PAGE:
We have to examine our stories. During the last holiday season, I saw a picture on social media of a former department store where I had lived in the South when I grew up that held fond memories for me. Each Christmas, we would go to the store, shop for our parents in an exclusive shop that only the children could go into, and then our family would go to a favorite restaurant and have a nice dinner. At that young age in the 60’s, all I knew was that adults could not enter the children’s shop. I did not realize that the privileges I enjoyed were reserved for white people. Now, having an understanding and commitment for change, I know that I can hold my family memories AND continue to build awareness of change that has occurred and the need to continue to work toward equality. Being able to see both is being able to view the situation from a non-dualistic standpoint that it may have been nice for me and it was not for others. I still have my memories, and I am empowered to promote change.

Privilege manifests in many ways. Here are six ways unconscious examples of privilege show up:

(l) In our choice of words, is the message exclusionary of others based on an aspect of diversity;

(2) When we deny the experiences of others thereby minimizing the importance;

(3) Stating we are colorblind;

(4) When we use the argument of “the “race card (gender, etc.);

(5) In setting standards for dress codes;

(6) In assuming the world as we see it is based solely on our cultural assumptions.

Until we stop categorizing people into groups and thinking an imbalance in privilege does not exist and continue to ignore the impact by either avoiding or explaining away the imbalances, progress will be slow in creating understanding, equality and social justice.

I invite you to set an intention to examine the effects of privilege and rank. Ask yourself, when do you experience the effects of status and privilege in your daily life? How can you contribute to change systemic problems? How can you better examine and understand how some benefit from privilege and how others don’t? What would it be like if we no longer categorized people by race, gender, sexual orientation, religion, physical and mental ability?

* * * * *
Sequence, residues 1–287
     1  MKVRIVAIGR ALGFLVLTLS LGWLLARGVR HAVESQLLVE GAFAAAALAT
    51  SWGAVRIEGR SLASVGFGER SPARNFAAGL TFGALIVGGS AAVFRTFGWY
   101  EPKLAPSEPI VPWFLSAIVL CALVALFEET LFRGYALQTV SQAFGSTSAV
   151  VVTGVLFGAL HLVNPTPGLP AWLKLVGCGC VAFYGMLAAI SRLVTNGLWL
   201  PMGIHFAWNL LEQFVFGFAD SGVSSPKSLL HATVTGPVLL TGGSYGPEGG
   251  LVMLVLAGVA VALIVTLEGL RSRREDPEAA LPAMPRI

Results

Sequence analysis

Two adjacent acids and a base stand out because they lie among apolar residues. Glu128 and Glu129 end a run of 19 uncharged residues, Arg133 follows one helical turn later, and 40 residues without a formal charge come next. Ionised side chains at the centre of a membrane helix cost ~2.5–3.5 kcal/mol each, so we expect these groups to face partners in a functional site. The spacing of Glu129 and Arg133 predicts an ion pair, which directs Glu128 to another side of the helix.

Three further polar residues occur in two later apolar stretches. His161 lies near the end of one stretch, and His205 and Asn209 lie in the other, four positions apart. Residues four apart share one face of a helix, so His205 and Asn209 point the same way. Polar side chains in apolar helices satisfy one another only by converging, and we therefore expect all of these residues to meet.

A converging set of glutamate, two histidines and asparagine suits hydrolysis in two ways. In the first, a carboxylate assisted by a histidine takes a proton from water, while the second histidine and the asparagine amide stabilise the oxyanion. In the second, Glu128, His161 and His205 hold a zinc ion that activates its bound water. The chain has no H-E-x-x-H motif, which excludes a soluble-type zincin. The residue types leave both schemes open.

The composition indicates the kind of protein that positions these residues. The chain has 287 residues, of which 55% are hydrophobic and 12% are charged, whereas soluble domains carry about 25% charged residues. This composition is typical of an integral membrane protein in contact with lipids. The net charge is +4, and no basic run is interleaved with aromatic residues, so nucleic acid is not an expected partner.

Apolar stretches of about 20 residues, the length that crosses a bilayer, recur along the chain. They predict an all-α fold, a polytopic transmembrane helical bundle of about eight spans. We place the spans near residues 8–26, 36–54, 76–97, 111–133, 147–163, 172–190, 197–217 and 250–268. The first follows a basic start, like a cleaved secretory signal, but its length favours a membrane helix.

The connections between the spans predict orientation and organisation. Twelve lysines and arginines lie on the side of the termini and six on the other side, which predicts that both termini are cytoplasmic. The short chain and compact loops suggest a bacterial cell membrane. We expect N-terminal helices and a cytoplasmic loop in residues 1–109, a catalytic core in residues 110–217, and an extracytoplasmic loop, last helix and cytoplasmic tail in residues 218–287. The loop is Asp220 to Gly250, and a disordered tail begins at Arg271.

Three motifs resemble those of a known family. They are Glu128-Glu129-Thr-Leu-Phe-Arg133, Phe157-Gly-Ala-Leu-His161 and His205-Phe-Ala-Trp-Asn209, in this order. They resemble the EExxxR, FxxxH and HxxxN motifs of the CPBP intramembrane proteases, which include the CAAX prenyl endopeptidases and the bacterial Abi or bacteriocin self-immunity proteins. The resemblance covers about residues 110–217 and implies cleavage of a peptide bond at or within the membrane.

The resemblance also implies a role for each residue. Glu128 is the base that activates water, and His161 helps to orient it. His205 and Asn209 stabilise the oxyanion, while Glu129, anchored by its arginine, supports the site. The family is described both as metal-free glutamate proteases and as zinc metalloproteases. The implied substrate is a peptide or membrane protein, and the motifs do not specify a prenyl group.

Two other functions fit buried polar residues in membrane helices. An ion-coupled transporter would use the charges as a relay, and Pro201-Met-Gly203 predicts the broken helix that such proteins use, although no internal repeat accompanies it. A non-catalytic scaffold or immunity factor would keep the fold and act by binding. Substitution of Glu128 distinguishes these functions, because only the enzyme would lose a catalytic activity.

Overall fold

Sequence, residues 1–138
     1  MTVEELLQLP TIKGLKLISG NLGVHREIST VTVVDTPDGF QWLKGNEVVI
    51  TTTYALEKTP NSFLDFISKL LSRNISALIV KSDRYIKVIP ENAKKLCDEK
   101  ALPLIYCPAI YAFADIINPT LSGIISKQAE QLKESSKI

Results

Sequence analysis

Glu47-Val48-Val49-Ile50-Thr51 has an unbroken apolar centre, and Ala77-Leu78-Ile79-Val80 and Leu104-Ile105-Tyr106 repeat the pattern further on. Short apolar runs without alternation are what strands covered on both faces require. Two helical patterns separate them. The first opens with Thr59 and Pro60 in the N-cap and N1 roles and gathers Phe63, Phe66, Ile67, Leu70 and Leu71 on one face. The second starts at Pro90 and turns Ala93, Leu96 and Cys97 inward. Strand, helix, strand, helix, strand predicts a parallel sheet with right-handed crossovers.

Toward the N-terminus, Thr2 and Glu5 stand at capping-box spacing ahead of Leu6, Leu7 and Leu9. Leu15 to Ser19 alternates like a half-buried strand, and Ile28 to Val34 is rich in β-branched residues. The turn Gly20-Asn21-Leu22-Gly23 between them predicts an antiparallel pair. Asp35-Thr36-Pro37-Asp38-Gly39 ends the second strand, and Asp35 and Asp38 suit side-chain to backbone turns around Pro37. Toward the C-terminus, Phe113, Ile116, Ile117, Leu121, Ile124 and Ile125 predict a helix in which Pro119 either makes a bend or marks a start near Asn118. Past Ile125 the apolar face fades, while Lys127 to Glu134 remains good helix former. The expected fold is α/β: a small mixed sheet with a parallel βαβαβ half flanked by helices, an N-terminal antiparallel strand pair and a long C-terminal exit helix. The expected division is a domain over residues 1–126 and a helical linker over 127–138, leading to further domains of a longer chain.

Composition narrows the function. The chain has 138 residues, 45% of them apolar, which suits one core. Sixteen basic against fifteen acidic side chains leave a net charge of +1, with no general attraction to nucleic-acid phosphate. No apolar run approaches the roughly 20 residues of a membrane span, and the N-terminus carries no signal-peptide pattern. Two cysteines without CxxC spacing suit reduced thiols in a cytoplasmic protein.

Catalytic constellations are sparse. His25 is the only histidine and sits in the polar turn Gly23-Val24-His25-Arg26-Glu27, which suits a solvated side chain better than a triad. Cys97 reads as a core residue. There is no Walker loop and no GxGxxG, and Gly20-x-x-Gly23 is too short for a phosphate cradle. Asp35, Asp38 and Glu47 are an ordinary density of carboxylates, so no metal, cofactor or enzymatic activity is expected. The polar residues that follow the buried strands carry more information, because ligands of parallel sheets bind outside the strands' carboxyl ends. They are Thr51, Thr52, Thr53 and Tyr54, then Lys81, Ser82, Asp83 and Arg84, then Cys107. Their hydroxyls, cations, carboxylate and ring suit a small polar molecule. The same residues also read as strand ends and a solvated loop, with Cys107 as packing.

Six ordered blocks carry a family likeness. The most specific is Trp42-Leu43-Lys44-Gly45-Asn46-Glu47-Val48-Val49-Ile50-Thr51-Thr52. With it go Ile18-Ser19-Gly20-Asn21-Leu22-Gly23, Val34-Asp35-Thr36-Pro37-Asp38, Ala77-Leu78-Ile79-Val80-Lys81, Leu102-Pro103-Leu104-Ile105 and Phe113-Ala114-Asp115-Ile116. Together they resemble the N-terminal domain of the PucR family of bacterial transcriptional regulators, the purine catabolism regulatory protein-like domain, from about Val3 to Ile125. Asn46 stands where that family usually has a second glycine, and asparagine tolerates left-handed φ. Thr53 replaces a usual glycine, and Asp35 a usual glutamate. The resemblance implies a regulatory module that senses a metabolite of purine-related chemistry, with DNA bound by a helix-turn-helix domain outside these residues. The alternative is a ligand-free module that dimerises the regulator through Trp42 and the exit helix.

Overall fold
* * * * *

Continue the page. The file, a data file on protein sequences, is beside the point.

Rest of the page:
Examine the stories you tell yourself and others. Recognize the many ways a dominant group shows up in organizations, institutes, media print, television and movies. Examine your biases, prejudices, assumptions, stereotypes, isms and behavior.

Listen with an intention to understand the stories and experiences of others. Let go of defensiveness. Notice the impact of things, events, situations, statements that are taken for granted. Practice non-judgment. Recognize the impact of privilege and rank on inclusion, housing, quality education, employment, voting rights, access, policies, procedures, systems and laws.

“You never really understand a person until you consider things from his point of view, until you climb into his skin and walk around in it.” –Harper Lee, To Kill a Mockingbird

Rosalie Chamberlain

Rosalie Chamberlain is the Owner of Denver, CO-based Rosalie Chamberlain Consulting & Coaching. A thirty-five year organizational culture and eighteen year corporate coaching veteran, she is a skilled consultant, facilitator, coach and speaker in the areas of diversity and inclusion strategy, multicultural competency, leadership development, and talent management, with expertise in managing and leveraging diverse talent. She received her diversity and inclusion credentials from Cornell University’s Institute for Labor & Relations (ILR). Her new book, Conscious Leadership in the Workplace (April 2016), is available on Amazon.